On this date 43 years ago, Red, the final King Crimson studio album of the 1970s was released. Although the band famously 'ceased to exist' by the time the album hit the shops, it has become one of the most widely acclaimed and iconic releases in King Crimson's extensive back catalogue.
Although the anthemic album-closer, Starless had been trailed on tour earlier in the year all of the other studio cuts were brand new compositions worked out during what proved to be a sometimes difficult recording session at London's Olympic Studios. The title track didn't receive its live premier until 1981 when it was included in the set list of the new incarnation of the band.
In more recent more times, all of the tracks, save the live improvisation, Providence, have been reimagined by the current version of King Crimson with One More Red Nightmare and Fallen Angel joining Starless and the title track on the setlist.
Red was recently placed at 15 in Rolling Stone magazine's 50 Greatest Prog Rock Albums Of All Time feature (read it here) and it has been the subject of numerous retrospective assessments from a variety of quarters including The Quietus, Pitchfork and Sputnik, as well as various features on the making of the album.
Here's what Chris Salewicz had to say about the album upon its release in 1974
THE PREVIOUS two albums by this final King Crimson lineup have never been as hysterically self-conscious in their obvious adventurousness as the first four studio records that came out under the band's name.
In fact, listening to certain parts of each of those early albums can frequently provoke nothing as crassly simple as severe brain damage but a rather more civilised basic aural pain.
In general, it's a pretty tidy set of neuroses, instability and insecurity — both musical and personal — that cuts a jagged edged swathe across the eight sides. The psychic melodramas do, though, have the saving grace of being carried out with an appropriate sense of artistic folly.
Indeed when juxtaposed against the histrionics of those records Larks Tongues In Aspic, Starless And Bible Black and, now, Red would seem to have been recorded in a state of almost Calvinistic general togetherness — or, if you prefer, what used to be known at school as "maturity" — and even if Larks Tongues does marginally fail to cut it due to a rather too noticeable excess of zeal then Starless, which is minus both Jamie Muir and His Percussive Pistacchio Nuts and the perfectionist production of the former — though not credited on the sleeve as such the whole of side two was cut live — comes up with a more consistent and relaxed amount of highs than any of its predecessors.
There's one other little plus that Starless has going for it...uh...it...well, it nearly swings.
And so to Red. No two ways about it, and putting aside for the moment any little thoughts we may have about its being The Final Work this outfit — now reduced to the basic three-piece of Robert Fripp, John Wetton on bass and vocals, and Bill Bruford on drums (sorry, percussives) — were really starting to whizz those thought patterns around amongst themselves.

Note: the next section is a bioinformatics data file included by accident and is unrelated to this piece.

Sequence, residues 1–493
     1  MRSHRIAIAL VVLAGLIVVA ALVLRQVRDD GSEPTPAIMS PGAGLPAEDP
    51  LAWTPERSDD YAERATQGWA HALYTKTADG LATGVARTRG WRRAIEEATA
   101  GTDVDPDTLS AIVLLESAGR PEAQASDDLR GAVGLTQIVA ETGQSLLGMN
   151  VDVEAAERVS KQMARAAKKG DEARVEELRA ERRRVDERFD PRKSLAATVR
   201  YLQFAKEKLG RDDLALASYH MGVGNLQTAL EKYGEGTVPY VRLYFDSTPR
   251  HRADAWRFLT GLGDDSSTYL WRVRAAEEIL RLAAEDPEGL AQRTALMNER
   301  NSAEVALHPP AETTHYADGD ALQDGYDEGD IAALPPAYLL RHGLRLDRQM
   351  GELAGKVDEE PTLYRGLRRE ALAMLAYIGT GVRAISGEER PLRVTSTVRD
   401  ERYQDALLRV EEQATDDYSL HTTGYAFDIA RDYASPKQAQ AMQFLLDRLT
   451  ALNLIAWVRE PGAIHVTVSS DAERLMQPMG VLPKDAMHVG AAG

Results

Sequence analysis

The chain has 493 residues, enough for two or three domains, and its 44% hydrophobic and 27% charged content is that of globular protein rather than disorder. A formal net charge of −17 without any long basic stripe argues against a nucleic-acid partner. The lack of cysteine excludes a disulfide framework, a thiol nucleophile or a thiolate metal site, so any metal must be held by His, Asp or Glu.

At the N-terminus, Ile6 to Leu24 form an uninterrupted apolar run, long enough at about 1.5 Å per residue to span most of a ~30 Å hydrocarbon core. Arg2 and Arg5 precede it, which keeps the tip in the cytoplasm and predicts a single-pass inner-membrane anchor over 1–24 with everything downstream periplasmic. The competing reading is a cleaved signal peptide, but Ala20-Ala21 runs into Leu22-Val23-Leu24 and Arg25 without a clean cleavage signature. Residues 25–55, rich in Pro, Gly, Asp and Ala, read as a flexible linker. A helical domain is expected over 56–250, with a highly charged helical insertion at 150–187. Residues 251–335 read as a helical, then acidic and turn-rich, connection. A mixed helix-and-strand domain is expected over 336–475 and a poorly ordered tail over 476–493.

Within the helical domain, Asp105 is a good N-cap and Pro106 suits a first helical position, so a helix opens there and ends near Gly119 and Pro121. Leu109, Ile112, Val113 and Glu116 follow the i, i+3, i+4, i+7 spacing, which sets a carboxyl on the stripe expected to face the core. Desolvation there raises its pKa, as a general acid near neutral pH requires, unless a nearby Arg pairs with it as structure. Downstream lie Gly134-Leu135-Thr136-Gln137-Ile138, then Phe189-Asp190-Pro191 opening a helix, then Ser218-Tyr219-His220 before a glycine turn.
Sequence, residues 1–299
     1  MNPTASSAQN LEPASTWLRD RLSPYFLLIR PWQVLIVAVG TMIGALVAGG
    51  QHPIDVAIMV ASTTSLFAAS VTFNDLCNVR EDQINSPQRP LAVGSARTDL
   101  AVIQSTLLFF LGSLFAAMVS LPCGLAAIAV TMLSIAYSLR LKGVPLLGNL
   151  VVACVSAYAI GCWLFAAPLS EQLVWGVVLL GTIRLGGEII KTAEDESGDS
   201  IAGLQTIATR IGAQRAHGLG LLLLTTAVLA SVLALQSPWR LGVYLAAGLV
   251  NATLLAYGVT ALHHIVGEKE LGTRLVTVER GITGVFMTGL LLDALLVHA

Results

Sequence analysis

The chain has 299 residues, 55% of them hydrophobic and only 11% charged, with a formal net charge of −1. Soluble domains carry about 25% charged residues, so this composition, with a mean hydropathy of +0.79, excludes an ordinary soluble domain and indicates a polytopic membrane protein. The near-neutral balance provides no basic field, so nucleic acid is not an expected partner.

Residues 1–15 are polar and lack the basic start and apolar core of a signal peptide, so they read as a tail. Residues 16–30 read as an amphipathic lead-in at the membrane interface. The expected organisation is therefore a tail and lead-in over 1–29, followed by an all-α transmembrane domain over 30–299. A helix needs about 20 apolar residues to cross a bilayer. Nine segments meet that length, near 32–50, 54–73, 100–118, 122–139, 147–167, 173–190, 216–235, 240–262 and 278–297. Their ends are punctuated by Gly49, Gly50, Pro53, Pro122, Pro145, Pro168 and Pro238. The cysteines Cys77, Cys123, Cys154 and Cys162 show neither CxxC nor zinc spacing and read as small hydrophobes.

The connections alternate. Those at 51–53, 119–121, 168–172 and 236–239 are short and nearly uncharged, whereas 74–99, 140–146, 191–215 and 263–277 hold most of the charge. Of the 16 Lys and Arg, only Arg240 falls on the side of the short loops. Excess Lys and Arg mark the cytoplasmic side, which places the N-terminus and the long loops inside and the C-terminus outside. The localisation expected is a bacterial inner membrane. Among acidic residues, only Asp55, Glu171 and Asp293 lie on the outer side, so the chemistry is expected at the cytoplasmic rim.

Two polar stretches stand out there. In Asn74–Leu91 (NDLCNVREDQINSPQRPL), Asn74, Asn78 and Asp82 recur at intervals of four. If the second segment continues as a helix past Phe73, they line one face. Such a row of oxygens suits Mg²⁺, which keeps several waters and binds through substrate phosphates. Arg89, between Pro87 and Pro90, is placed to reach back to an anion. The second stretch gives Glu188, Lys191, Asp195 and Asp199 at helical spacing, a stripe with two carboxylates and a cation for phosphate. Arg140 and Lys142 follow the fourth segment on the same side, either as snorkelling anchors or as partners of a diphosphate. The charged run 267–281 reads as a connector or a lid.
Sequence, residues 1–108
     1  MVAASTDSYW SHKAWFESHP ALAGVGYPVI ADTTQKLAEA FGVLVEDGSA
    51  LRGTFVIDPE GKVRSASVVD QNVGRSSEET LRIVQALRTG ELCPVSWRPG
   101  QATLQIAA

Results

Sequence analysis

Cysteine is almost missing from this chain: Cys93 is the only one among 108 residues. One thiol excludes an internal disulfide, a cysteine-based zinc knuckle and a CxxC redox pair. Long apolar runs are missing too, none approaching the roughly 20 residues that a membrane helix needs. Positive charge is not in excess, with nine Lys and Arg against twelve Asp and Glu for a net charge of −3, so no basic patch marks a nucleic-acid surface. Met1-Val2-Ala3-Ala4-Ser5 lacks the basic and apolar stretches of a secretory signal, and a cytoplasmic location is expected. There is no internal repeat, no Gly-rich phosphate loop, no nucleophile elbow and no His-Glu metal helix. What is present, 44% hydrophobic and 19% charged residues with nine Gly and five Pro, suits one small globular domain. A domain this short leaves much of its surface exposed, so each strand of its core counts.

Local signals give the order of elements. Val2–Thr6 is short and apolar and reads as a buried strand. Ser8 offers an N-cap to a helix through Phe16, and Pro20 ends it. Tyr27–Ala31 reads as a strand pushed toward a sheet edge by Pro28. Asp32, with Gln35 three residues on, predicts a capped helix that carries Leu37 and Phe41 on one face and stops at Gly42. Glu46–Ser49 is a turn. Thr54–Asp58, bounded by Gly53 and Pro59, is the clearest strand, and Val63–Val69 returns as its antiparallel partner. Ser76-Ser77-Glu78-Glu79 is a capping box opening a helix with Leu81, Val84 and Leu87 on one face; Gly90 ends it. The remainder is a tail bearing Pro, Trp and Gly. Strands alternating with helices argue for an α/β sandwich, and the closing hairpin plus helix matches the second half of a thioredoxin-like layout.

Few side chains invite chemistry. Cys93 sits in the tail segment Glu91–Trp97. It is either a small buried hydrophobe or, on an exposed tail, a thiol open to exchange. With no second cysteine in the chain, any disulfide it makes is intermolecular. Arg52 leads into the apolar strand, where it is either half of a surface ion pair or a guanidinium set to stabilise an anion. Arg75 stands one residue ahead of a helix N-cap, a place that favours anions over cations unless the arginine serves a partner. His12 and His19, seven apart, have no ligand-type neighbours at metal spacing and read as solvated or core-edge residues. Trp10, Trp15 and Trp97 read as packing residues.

Side One is actually rather a funky, even heavy, piece with 'Fallen Angel' and 'One More Red Nightmare' restating the weighty note progression emphasised almost to the point of a calculated ennui on 'Red', the first track.
'Fallen Angel' moves things on with some of your old mellifluous free-flowing melody ending up as a variant on a basic pop track with a surreal middle eight that has some most impressive reed honking from Mel Collins. Robert Palmer-James' lyrics are virtually indistinguishable, which on past evidence is most certainly in the record's favour, whilst Wetton's voice, doable or triple tracked on the chorus fines has the chore of both sounding like Greg Lake and being able to highlight the inadequacies of any similar ELP technological ballad.
'One More Red Nightmare' puts the rather curious counterbalancing of the first two tracks into a comprehensible perspective as it grips together the main themes of each title with some hot ice howling lead percussion from Bruford that does just now and then veer dangerously towards intellectual doodling.
'Providence', which opens the second side, features "guest" violinist David Cross on a schizoid quasi Prokofiev piece of impressionism which, when joined by the bass and Bruford, displays at first the sense of spacing and notation which was particularly evident on Larks Tongues but which ultimately dissolves as it's hurled into a rather early model King Crimson piece of mellotron madness.
The truly enigmatic side of Crimson gets really well held up to the light on the twelve-minute final track, Starless, with the baroque intensity — and extremity — of Fripp's Mancini-like mellotron strings that carry a hint of the mood of side two of Lizard until the scorching guitar, bass and jangling percussion work up and along several note and chord structures with each instrument underlining the other until a pattern is shaped like a continuous loop of sound restating the album's themes.
It's really quite curious and should, I suppose, be put down to some psychic state evolving from the demise of the band but Red is truly the first Crimson album that I can find myself listening to over and over again.
Would it be that same psychic state that makes me believe it's the best album ever made under the name of King Crimson?